WISIONS of Sustainability
Our mission is to empower individuals and communities to transform the production and use of energy so that it effectively enables sustainable development. Read more about WISIONS activities, goals and background.
Efficient Use of Excess Energy from Micro Hydro Plants in Nepal
News from WISIONS posted on May 30th, 2016
Management Innovations and Technology Solutions (MIT) implemented an irrigation water lifting technology with energy sourced from under-utilised micro hydro power plants to irrigate mountainous regions of Nepal. The local Kumal community in Western Baglung, where this SEPS project took place, depends mainly on manual labour and fishing. Consequently, lift irrigation provides an appropriate solution for promoting vegetable farming activities, while simultaneously improving the livelihoods of farmers and their families and making micro hydro plants more economic and sustainable.
Several issues and challenges were faced during the project duration. Among these were the inclusion of minority groups, distrust and disparity regarding the managing cooperative, geological challenges, ongoing disputes regarding the construction of the plastic ponds and severe rainfall. However, the community’s commitment, skills and contributions to the project created a conducive working environment and helped solve obstacles and challenges. The project infrastructure (irrigation system) was handed over to the community at the end of the project period. Every household benefiting from the irrigation system has to pay a monthly fee to the managing cooperative, which should also be able to sustain itself (and the new technology) in the future.
This pilot project used only one micro hydro plant to power the lift irrigation systems. Currently, there are 90 micro hydro plants in the Baglung District of Nepal, with a total installed capacity of 2500 kW. 60% of the excess energy from all the plants could be used to power lift irrigation, which would result in a water capacity of 12,734 m3/day that could be lifted to a height of 150 metres, irrigating 600 ha of land. Large-scale implementation in Nepal would require close cooperation between government authorities, stakeholders and the ministry of irrigation, industry and commerce.
More general information is available on our SEPS project page: Using excess energy from existing MHPs to create sustainable income generating activity in Nepal
Meet the WISIONS Team in Bonn and Berlin!
News from WISIONS posted on May 19th, 2016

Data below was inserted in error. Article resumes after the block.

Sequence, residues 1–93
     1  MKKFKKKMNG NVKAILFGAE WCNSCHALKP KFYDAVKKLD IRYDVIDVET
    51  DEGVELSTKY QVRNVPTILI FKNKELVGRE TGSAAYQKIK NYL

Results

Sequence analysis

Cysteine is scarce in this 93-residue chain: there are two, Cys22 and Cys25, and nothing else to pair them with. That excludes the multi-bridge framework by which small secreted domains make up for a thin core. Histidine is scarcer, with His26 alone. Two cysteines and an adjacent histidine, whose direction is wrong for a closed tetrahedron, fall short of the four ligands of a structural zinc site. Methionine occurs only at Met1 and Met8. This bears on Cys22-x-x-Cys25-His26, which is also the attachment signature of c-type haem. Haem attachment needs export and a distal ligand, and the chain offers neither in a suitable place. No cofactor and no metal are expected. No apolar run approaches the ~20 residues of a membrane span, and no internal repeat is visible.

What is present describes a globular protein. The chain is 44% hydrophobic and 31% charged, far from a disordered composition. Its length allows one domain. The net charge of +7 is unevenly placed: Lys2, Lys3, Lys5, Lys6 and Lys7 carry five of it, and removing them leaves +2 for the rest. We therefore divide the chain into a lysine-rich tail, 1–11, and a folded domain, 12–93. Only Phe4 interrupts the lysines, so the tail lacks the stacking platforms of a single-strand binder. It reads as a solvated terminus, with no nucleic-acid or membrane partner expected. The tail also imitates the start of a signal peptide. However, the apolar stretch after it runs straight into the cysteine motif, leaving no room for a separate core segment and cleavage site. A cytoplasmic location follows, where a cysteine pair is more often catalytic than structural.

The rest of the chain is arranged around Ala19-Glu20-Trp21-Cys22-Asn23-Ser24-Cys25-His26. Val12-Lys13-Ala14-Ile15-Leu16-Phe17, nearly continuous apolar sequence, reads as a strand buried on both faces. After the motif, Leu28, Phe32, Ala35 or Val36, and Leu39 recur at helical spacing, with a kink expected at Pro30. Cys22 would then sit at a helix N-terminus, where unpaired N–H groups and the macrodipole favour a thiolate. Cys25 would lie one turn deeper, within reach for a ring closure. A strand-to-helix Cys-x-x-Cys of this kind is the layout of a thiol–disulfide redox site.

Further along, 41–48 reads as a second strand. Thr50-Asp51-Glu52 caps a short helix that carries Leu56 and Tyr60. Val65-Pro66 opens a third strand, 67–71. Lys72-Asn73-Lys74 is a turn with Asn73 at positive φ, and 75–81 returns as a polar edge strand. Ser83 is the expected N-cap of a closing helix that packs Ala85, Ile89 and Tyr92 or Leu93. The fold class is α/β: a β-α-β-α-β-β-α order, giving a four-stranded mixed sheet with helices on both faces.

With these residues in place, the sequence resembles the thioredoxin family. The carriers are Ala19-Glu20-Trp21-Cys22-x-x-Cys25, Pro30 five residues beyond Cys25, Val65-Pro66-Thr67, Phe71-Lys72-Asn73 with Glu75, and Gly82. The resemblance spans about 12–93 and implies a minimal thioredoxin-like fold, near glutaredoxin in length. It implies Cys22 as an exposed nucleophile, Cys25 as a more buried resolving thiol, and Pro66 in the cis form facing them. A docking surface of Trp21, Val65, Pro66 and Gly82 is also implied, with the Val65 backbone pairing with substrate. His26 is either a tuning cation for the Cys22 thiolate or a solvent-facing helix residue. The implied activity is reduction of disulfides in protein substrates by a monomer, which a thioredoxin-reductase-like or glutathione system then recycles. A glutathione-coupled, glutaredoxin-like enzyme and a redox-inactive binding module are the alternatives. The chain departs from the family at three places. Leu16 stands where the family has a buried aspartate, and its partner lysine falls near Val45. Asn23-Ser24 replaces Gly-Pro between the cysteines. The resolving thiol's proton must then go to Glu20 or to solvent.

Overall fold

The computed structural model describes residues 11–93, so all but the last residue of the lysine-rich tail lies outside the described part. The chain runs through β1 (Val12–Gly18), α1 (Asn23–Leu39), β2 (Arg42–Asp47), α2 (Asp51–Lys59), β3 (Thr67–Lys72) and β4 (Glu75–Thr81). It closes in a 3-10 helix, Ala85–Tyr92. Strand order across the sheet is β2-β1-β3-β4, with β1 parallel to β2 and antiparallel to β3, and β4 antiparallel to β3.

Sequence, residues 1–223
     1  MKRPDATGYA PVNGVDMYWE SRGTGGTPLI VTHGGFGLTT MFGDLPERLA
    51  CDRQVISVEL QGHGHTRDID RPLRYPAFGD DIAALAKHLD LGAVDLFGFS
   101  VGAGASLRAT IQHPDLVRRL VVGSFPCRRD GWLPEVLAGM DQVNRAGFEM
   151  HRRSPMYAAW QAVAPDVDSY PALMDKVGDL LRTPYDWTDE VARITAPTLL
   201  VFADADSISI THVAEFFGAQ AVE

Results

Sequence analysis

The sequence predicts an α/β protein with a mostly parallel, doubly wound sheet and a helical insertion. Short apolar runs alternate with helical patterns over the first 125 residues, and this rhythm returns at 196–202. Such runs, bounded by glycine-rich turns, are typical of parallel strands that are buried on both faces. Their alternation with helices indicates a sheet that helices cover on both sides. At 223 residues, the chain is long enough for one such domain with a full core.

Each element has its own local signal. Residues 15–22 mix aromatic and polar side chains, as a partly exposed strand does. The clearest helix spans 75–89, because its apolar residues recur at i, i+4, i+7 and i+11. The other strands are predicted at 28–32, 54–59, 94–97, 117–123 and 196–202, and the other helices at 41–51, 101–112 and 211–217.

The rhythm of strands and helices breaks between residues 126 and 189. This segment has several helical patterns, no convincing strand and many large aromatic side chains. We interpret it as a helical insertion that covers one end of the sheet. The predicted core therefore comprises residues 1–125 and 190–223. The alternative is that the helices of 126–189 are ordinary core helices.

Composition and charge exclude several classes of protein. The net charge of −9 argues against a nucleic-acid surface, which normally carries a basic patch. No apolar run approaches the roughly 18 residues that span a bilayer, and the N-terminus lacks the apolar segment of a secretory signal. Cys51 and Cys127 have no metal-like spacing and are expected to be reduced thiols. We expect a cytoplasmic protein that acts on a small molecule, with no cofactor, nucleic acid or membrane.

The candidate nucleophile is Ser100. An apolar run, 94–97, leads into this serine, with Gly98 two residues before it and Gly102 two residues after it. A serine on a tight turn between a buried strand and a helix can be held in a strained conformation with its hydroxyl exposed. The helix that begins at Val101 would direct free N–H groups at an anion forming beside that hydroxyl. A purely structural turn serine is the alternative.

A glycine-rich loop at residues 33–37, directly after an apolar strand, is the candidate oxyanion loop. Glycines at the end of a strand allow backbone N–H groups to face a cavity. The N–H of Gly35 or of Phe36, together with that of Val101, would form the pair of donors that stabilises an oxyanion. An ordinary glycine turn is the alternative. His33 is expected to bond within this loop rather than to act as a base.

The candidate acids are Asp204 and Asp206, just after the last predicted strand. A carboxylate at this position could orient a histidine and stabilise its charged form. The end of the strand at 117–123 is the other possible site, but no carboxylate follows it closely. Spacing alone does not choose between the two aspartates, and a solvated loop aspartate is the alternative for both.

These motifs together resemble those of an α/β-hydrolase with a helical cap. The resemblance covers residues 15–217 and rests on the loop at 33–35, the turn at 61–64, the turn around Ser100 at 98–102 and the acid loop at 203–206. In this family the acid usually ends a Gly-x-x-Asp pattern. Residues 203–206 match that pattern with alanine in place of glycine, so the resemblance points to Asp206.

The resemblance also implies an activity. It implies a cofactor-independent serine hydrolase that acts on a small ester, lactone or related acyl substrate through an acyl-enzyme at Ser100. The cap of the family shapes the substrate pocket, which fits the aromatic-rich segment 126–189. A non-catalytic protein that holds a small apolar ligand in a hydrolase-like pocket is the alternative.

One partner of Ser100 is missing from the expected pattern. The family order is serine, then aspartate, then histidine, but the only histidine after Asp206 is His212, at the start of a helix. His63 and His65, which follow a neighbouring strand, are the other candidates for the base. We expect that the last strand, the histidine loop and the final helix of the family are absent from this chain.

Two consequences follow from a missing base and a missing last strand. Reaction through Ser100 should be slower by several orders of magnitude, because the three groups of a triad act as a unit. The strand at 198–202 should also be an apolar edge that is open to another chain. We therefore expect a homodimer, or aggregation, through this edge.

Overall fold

The 2016 UNFCCC climate change conference in Bonn brings together representatives of all member countries of the UNFCCC for specific meetings on implementation and other business related to climate change agreements. This year's conference will include the forty-fourth session of the Subsidiary Body for Implementation and Subsidiary Body for Scientific and Technological Advice as well as the first session of the Ad Hoc Working Group on the Paris Agreement. Alongside the conference, many organisations organise side events intended to foster discussion and provide advice to policymakers attending the event. A list of the scheduled sessions is available here.
The 2016 Berlin Conference on Transformative Global Climate Governance “après Paris” is the 12th conference in the well established series of European Conferences on the Human Dimensions of Global Environmental Change. The 2016 Berlin Conference was jointly initiated by the German Development Institute / Deutsches Institut für Entwicklungspolitik (DIE) and the Environmental Policy Research Centre (FFU) at Freie Universität Berlin in the context of DIE’s Klimalog project.
This year's edition discusses topics like how the Paris Agreement will affect the institutional landscape of global climate governance and which new priorities have emerged in the negotiation of the Paris Agreement and related decisions. The conference programme is available here.
Outcomes of the 2016 "Africa Biogas and Clean Cooking" Conference
News from WISIONS posted on May 12th, 2016
The conference attracted around 140 participants and around 80% were from Africa. While biogas digestion systems for domestic use are widely established across Asia, the African continent still lacks the know-how and expertise regarding these technologies.
Recently, prefabricated fixed-dome biodigesters and different kinds of tubular digesters have been trialled but, to date, only 5% of the implementation potential for biogas plants in Africa has been realised. The main challenges include low initial investment capacities, limited knowledge (especially regarding the potential end uses of biogas and effluents) and poor quality systems.
During the conference, various sessions dealt with the potential and benefits of biogas use for cooking purposes, urban sanitation and communal usage. Further discussions included a market assessment of biodigesters, the question of financial accessibility and possible adaptions to international implementation models.
A more detailed report is available on the RedBioLAC website (in Spanish only).